There are many others. Not all is lost, however, and with some awareness of how pickpockets operate you can reduce the risk of becoming a victim of this sort of crime. Please see our top 10 tips in the feature with more advice on the Safe Communities Algarve website www.safecommunitiesalgarve.com.

|| Reducing the risk of pickpocketing

Top 10 tips

1. If someone bumps into you, do a quick check to see if your valuables are still there.
2. Leave the valuables and money you don’t need at your hotel room, preferably in a safe.
3. Know and avoid the most dangerous areas.
4. Be alert, especially in crowded spaces or when people invade your personal space.
5. Carry money and passport in separate places, so that losing one doesn’t mean losing the other as well.
6. Wear bags in front of you, not at the rear or side.
7. Deep-front trouser pockets offer more protection than back pockets.
8. Dress inconspicuously so as not to draw attention to yourself as a “rich foreigner”.
9. Attach your wallet to a chain, wear a money belt under your clothes, or an inside jacket pocket with a zip.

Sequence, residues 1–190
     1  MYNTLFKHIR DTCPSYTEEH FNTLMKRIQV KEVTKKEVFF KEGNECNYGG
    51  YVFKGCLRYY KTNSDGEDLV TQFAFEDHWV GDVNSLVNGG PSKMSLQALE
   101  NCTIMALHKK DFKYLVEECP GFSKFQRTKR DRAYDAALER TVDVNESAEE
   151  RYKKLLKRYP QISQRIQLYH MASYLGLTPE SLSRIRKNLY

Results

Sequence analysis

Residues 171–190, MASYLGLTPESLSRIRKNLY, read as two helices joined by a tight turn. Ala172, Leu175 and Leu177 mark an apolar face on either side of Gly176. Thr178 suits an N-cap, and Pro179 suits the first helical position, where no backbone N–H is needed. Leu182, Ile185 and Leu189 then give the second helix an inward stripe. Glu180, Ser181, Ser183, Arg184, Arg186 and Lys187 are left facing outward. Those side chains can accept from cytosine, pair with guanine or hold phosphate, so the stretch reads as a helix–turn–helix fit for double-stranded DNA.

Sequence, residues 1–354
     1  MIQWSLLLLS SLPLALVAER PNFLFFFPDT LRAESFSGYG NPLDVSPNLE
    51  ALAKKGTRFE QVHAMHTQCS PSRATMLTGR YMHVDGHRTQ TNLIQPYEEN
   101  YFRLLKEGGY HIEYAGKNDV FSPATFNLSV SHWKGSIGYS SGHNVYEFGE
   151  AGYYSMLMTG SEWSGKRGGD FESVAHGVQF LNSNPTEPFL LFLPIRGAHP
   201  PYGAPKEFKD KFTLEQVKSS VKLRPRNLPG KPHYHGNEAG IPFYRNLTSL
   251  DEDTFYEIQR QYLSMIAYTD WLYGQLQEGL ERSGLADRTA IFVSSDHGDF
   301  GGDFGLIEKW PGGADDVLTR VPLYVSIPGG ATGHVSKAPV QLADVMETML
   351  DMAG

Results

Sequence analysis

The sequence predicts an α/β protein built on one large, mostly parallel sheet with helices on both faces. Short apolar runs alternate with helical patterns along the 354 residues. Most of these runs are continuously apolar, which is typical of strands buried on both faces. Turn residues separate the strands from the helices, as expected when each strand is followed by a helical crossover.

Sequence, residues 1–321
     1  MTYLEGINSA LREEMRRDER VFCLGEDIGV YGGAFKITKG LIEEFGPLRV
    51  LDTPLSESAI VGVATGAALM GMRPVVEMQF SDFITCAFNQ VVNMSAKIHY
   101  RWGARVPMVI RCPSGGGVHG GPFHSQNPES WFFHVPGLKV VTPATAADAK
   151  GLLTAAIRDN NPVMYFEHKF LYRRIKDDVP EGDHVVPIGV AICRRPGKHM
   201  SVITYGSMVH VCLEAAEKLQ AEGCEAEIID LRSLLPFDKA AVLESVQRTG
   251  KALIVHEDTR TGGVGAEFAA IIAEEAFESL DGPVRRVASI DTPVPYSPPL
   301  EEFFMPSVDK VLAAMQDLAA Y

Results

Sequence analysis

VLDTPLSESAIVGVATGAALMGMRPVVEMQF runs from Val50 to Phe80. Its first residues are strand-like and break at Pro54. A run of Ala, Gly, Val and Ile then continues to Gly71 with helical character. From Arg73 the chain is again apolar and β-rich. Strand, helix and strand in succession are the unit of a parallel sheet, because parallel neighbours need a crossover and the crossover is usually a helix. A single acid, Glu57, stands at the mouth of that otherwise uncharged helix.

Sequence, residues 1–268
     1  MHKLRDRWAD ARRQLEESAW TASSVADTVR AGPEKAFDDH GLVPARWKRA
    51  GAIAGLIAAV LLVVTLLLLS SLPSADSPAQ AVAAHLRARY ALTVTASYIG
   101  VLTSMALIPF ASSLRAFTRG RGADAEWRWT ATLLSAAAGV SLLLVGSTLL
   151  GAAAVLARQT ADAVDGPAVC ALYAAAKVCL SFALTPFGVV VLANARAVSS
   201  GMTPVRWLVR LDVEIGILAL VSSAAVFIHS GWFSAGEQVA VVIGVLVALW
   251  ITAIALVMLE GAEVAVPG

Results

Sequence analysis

10. Above all, do not flash your valuables around unnecessarily. An expensive watch on your wrist or fancy camera around your neck is quite a temptation to someone whose annual income may be less than its price.
By David Thomas
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David Thomas is a former Assistant Commissioner of the Hong Kong Police, consultant to INTERPOL and the United Nations Office on Drugs and Crime. In October 2011 he founded Safe Communities Algarve an on-line platform here in the Algarve to help the authorities and the community prevent crime. It is now registered as Associação Safe Communities Algarve, the first association of its type in Portugal. 913 045 093